Cosmic Ocean Dweller
A colorful creature in a starry sea stands out in this image from NASA's Wide-field Infrared Explorer, or WISE. The image shows infrared light that has been assigned visible colors we see with our eyes. The jellyfish-looking object is actually a very close pair of dying stars (white) surrounded by their shed material (green), and two very unusual dust rings (orange) discovered by WISE.
The object, named NGC 1514, is what is termed a planetary nebula. These are dying stars similar to our sun, that blow off their outer layers, sometimes forming beautiful, perfectly round orbs, and sometimes colorful butterfly shapes. In the case of NGC 1514, astronomers think there are two central stars orbiting each other; WISE cannot distinguish between the two stars, so only one white dot is seen. One star is an aging giant a bit warmer than our sun; the other was an even larger star that has already transformed into an ultra-hot white dwarf. The unusual rings, which are not quite like anything ever seen before around a planetary nebula, are thought to have formed when jets of material that were ejected from the white dwarf hit the walls of a bubble of dust around the stars. This bubble had previously been blown away from the giant star.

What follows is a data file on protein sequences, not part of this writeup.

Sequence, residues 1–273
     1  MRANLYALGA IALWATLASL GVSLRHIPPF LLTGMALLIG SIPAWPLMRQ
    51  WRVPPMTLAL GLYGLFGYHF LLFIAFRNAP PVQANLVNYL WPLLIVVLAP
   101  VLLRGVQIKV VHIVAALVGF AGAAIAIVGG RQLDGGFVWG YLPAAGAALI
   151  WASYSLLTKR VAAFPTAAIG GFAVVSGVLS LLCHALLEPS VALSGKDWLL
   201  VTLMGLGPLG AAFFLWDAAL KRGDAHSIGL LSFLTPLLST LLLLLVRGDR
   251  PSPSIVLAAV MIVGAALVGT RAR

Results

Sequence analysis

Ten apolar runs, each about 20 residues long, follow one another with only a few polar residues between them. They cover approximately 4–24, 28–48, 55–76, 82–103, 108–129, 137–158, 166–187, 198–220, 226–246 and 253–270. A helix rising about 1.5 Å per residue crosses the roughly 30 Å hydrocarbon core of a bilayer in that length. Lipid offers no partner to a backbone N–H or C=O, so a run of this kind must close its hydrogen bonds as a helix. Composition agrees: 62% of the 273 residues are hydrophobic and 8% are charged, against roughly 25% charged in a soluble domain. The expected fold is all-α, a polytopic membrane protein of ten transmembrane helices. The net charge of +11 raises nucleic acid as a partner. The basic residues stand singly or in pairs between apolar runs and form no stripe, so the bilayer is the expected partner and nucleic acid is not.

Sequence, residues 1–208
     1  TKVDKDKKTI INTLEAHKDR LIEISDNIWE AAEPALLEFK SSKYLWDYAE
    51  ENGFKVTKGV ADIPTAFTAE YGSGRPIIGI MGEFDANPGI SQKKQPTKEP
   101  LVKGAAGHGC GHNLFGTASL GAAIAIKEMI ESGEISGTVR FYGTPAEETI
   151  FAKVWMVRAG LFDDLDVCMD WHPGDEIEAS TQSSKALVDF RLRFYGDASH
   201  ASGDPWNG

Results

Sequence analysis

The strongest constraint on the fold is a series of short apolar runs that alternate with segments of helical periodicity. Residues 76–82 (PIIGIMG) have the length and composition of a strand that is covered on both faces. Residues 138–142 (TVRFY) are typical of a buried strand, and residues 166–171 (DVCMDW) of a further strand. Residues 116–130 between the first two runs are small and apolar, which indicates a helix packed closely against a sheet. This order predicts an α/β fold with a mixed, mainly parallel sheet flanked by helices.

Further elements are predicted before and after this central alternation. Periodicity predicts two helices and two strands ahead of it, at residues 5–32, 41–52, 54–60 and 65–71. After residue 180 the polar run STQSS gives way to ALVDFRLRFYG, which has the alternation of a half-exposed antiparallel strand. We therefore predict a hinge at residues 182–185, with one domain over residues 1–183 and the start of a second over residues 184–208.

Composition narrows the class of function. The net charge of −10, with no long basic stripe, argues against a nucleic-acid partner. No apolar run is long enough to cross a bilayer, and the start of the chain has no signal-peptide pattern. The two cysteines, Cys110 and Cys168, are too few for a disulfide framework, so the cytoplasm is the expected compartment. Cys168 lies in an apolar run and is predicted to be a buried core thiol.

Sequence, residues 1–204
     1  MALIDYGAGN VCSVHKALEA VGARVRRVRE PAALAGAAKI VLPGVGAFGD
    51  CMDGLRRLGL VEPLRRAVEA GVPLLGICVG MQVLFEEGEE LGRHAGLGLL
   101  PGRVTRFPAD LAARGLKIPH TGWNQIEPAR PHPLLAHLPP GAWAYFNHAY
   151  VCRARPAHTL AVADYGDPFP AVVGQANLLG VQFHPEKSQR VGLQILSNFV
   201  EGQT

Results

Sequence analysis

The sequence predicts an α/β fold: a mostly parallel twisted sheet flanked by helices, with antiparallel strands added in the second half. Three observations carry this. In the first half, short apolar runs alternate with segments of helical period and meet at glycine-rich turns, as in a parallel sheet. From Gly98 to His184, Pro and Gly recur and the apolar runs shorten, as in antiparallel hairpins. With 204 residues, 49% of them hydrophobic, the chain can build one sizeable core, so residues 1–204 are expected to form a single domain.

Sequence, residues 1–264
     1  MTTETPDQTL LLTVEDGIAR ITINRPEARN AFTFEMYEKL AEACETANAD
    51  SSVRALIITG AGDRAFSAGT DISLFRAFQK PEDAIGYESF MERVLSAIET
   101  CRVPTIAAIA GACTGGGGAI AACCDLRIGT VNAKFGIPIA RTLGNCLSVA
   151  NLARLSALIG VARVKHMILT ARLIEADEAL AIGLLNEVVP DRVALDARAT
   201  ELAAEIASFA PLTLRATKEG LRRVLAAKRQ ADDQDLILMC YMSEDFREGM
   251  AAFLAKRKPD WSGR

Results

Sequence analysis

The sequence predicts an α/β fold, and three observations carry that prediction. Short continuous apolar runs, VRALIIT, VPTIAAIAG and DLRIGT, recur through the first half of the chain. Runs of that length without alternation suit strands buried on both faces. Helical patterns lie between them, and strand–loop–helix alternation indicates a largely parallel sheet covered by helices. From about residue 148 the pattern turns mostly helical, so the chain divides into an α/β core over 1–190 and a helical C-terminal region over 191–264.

NGC 1514 was discovered in 1790 by Sir William Herschel, who was surprised to find what he called a "shining fluid" around the object. He had originally thought that it and all the other fuzzy-looking things he saw in the sky were clusters of stars, and that the telescopes he had were just not powerful enough to clearly see the individual stars. The discovery of NGC 1514 convinced Herschel that these fuzzy blobs were actually an unexpected astronomical phenomenon. Among this new class of objects were the "planetary nebulae" like NGC 1514 -- a term he had coined earlier to reflect their round, planet-like shapes.
NGC 1514 is located roughly 800 light-years away in the constellation Taurus, about 8 degrees (the width of a fist held at arm's length) away from the Pleiades star cluster.
In this image, infrared light with a wavelength of 3.4 microns is blue; 4.6-micron light is cyan; 12-micron light is green; and 22-micron light is red.
JPL manages the Wide-field Infrared Survey Explorer for NASA's Science Mission Directorate, Washington. The principal investigator, Edward Wright, is at UCLA. The mission was competitively selected under NASA's Explorers Program managed by the Goddard Space Flight Center, Greenbelt, Md. The science instrument was built by the Space Dynamics Laboratory, Logan, Utah, and the spacecraft was built by Ball Aerospace & Technologies Corp., Boulder, Colo. Science operations and data processing take place at the Infrared Processing and Analysis Center at the California Institute of Technology in Pasadena. Caltech manages JPL for NASA.